In my ministry, sometimes I am almost overwhelmed by the greatness of the need. Always, I am inspired by those who choose to respond in loving kindness. Again, in the words of Pope Francis these individuals model for me what it means to “live wisely, think deeply and love generously.” (47)
This is how I am “shown” mercy by and through the generosity of our donors. This is how God’s mercy is demonstrated in our world. In Luke 12:33, mercy expressed in charitable giving is described as characteristic of discipleship. In the Acts of the Apostles, mercy as “almsgiving” is recognized as an essential part of the Christian life and through giving, Christians become living signs of God’s incredible mercy. (Acts 3)
According to Jesus’ words in Luke, gifts will be given “overflowing into our laps.” In other words, through the covenant of mercy, life is filled with abundance. To someone who is poor that abundance might be a warm meal, a sheltered place to sleep, clean water, a life-saving vaccination for a sick child, a night not lived in fear, a kind smile and a gentle touch. For those who give it might mean a sense of making a difference, bringing hope, recognizing the stranger as brother and sister and being filled with joy and, perhaps, new purpose in life.
The passage in Luke 6 concludes “For the measure with which you measure, will in return be measured out to you.” (Luke 6: 38 NIV) Every act of kindness, every word of comfort or praise, every smile is a gift that can be shared abundantly. Just like God’s mercy, it can’t be earned or deserved but it can be measured by the measure which God uses and that is measurement in abundance. Pope Francis tells us that human love “can only be gratuitous” and it is “an attitude of the heart.”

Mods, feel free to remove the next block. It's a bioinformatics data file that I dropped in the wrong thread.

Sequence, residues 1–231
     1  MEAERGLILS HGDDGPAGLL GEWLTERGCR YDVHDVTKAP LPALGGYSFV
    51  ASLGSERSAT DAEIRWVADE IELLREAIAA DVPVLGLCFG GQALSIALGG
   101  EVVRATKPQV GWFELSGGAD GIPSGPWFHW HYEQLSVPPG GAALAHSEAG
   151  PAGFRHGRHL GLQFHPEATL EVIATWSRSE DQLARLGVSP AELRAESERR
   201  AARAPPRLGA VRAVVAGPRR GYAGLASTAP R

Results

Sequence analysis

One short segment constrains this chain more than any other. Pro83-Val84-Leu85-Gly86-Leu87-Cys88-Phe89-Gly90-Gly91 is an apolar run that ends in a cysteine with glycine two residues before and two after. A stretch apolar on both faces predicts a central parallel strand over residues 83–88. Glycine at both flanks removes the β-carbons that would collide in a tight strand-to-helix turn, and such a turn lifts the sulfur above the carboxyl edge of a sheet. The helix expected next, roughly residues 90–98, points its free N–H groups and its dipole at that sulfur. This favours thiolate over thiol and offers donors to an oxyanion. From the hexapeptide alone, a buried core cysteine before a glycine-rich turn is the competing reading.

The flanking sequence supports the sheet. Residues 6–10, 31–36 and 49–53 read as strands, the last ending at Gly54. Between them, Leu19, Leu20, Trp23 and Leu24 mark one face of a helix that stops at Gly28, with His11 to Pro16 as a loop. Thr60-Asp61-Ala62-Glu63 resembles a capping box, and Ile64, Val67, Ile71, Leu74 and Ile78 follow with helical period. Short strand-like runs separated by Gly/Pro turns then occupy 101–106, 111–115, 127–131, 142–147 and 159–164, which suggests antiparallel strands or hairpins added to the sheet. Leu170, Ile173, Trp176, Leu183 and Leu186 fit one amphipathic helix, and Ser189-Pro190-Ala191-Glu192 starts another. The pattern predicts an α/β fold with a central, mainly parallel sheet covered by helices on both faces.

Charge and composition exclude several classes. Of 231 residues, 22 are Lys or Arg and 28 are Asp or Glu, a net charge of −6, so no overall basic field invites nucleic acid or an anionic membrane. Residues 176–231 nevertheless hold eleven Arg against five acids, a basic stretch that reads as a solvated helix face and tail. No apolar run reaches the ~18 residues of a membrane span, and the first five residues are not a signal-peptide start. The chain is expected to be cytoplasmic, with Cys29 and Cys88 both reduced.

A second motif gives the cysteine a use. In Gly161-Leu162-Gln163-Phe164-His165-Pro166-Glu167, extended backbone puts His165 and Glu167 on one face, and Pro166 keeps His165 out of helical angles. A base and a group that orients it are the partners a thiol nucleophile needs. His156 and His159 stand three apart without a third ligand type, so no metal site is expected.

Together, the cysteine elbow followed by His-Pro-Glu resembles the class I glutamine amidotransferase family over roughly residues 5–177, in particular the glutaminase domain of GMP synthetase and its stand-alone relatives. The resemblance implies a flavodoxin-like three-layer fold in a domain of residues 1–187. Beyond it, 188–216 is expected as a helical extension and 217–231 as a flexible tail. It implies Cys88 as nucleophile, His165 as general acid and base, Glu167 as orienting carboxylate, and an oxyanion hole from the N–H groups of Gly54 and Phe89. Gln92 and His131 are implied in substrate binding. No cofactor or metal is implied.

Can we be merciful as our God is merciful? Can we temper the rhetoric of hatred and alienation, of self-righteousness, hurt, blame and fear with random acts of tolerance, patience, kindness and care? Can we scream less and dialogue more? Can we seek to recognize differences and still foster cooperation? Can we set aside attitudes and behaviors that separate us for the sake of the common good? Can we tolerate another’s anger in the hope of finding peaceful solutions?
I think we can.
I see it happening all around me on the bus when someone gives up their seat for an elder person. I see it every Sunday when a man from my Church goes to McDonald’s and sits with homeless folks and pays for their meals. I hear in the voice of the bus rider who thanks the driver and the bus driver who wishes everyone a great day as they get off the bus. I have seen it as hundreds gather to pack supplies to give to those in need. I see it in the face of the volunteer at the local shelter or pantry. I see it when a homeless Black man gives his extra blanket to a homeless White man on a very cold winter’s night. I see it when busy people scurrying off to work take time to help a tourist find their way on the Metro. I saw it in an airport when a child yelled as she was being abducted and every uniformed airline personnel from pilots to booking agents rushed to form a circle to protect the child, until the police came.
Pope Francis tells us that “love overflowing with small gestures of mutual care is also civic and political and it makes itself felt in every action that seeks to build a better world.” (231)
Can we be merciful as God is merciful? I know we can. And, I thank all those who so generously support our most vulnerable brothers and sisters. I really believe “Yours is the Kingdom of God.”